But for us in Greece,the Roma are the least problem caused by a certain "ethnic" group right now.The biggest problems(I'm not talking about economy and the economic crisis)come from the ghettos of downtown Athens and other areas in the capital which have become full of Afghanis,Pakistanis,Nigerians,Somalians,Russocaucasians,Albanians and others.The situation is so volatile down there that people in certain neighborhoods and areas of Athens do not dare to cross from parts of it because of the illegal immigrants.

    So at least for us,at this moment the Roma are the least problem.The problem is the thousands of illegal immigrants who keep coming and the leftist groups and political parties that support them(and in my opinion use them to promote their political ideas against "capitalism").
     
  11. Turambar

    Turambar Harebrained Staff Member

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    It is entirely up to France to decide what to do with illegal immigrants who refuse - or are refused a claim to asylum when it comes to ex- or repatriation. With the caveat that repatriation needs to be safe for the people involved.

    "Parasites", as you call them, are something else entirely; there are other tools to deal with such individuals. Laws can be made to limit cetain liberties of these people - or stimulate integration and/or participation. Social security can be cut. Taxes can be levied in such a way that it becomes impossibly to sustain without a job (or sufficient wealth?). You will see that it is fully possibly to deploy this without any apeal to ethnicity. I will remind you that previous experiments involving discrimination on ethnicity have lead to some of the most lementable pages of history. Can we agree that this should be avoided at all cost?
     
  12. Foinikas

    Foinikas Playing backgammon!

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    It should be avoided of course,people are people,but a country should have the freedom to do what they can to help their society function correctly.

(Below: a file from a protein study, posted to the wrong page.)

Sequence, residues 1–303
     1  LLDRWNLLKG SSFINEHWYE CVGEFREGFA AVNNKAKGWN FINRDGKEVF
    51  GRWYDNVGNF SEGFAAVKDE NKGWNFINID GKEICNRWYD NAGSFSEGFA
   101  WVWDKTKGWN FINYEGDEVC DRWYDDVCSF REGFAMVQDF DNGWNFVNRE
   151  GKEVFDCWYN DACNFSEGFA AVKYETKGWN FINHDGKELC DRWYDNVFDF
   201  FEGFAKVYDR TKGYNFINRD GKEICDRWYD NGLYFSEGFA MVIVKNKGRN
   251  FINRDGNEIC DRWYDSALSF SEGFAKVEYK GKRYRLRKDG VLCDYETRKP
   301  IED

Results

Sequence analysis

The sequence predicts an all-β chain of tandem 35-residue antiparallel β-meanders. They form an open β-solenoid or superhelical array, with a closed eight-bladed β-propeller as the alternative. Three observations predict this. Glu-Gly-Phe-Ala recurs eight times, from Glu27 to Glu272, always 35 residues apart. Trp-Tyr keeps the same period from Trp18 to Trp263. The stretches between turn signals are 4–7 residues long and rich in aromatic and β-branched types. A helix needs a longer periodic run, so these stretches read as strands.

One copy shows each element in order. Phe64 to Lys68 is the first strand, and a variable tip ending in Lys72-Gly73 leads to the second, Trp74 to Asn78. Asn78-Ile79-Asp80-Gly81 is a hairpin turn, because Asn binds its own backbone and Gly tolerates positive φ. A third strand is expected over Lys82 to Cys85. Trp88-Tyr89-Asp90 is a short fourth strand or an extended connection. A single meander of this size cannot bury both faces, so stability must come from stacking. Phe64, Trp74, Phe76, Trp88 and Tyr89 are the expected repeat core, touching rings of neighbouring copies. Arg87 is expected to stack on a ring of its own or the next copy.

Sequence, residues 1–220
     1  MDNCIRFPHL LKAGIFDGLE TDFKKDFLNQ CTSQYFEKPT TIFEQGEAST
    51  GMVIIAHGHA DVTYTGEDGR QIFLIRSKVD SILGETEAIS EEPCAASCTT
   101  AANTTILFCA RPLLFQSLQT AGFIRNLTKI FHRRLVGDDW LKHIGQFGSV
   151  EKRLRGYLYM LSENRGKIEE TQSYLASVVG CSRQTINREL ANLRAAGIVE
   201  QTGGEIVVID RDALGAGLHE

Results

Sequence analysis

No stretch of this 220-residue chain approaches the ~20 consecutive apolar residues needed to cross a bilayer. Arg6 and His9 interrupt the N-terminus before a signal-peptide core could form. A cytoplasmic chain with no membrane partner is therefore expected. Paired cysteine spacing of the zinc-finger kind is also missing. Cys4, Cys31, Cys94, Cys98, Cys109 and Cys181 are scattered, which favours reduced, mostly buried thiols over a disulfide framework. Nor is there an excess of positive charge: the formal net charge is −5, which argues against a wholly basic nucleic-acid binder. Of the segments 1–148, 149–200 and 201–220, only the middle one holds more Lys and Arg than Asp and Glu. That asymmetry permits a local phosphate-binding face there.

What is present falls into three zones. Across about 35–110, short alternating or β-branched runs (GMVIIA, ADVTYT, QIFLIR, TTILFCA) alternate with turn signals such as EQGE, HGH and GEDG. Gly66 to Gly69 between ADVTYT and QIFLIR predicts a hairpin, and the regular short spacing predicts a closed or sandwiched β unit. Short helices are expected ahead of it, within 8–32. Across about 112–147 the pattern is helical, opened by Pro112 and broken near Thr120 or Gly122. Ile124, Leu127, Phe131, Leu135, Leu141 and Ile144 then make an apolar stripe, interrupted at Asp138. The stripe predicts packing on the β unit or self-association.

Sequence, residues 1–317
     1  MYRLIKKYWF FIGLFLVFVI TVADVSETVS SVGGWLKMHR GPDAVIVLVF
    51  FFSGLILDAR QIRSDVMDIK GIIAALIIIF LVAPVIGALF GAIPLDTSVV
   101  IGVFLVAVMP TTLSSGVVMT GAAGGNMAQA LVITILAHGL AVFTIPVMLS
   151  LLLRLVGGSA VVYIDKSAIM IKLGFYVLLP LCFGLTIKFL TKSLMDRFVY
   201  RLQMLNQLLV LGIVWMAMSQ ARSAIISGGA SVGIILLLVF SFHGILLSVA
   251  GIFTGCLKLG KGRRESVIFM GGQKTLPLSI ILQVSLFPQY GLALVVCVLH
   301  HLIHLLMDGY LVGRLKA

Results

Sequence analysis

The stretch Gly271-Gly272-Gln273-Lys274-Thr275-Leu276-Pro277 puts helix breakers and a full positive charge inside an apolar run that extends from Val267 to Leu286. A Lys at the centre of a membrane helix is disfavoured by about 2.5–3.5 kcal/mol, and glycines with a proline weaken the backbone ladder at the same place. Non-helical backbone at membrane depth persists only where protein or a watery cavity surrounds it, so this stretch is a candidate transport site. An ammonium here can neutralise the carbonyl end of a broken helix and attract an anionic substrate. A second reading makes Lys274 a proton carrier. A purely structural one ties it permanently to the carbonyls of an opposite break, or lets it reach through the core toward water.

Globalisation is a bad thing and we see thousands of illegal immigrants coming from all over the world and most specifically Asia and Africa.And since they come in thousands,this adds to criminal activity on each European country.So France,after what they went through with the uprisings a few years ago,I think are trying to turn a bit more to the "right" although that might be a big political mistake for Sarkozy.Basically it would be a big political mistake for any politician to take any measures like that,so it needs balls to try and put a stop in an ethnic group's stay in a country.

    Of course in USA the opossite is happening with Obama and the entire mosque thing,because Obama is trying to show New Yorkers and generally all Americans the sense of even more tolerance even when it can lead to real trouble.
     
  13. Turambar

    Turambar Harebrained Staff Member

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    Society is comprised of all of its people, not most or selected numbers.

    It seems to me that you suggest that discrimination is acceptable under certain conditions. This is pretty radical - can you please elaborate a bit?

    Globalisation, in my opinion, is first and foremost a neutral affair. It comes with many benefits, not least of which economic and developmental. It also has drawbacks and challenges. But I reject your statement that it is "a bad thing" unless reasoned out very thoroughly.

    I would call this an assumption. I can't recognise it in Dutch figures. Generalisations, Foin. Generalisations...

    The uprisings in the Banlieu of a few years back were the result of neglect by the national gouvernment. The people involved were mostly of African origin. And the move towards the right, the alienation from people of different ethnic origin has been going on for years, if not decades now. I would expect a majority of the French (albeit small) backing this move on the Roma. It is assumed that Sarkozie actually used this move to redirect the attention from other policies and situations.
     
  14. Foinikas

    Foinikas Playing backgammon!

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    Yup this is what it is:

    When lots of people from different ethnic groups,most of which are of different religions and cultures AND of course,many of them are poor(immigrants and illegal immigrants)gather in a country,then social upheaval and violence are what happens.USA is the only different case because it was a place where different people had started coming early on,plus it was a vast country,with strict laws and kept everyone happy.

    Now when you have European countries in which immigrants from Asia and Africa come in by the thousands every year,the situation becomes volatile.And even worse if that happens to countries more "ethnically pure" let's say like Eastern European and Southeastern European countries with small population sizes.If you "squeeze" these countries with thousands of illegal immigrants of different religions and cultures,into a nation that has not been used to having rapid alterations in it's ethnic composition,that creates a very bad...umm...future.For the society of that country.Of each of these countries.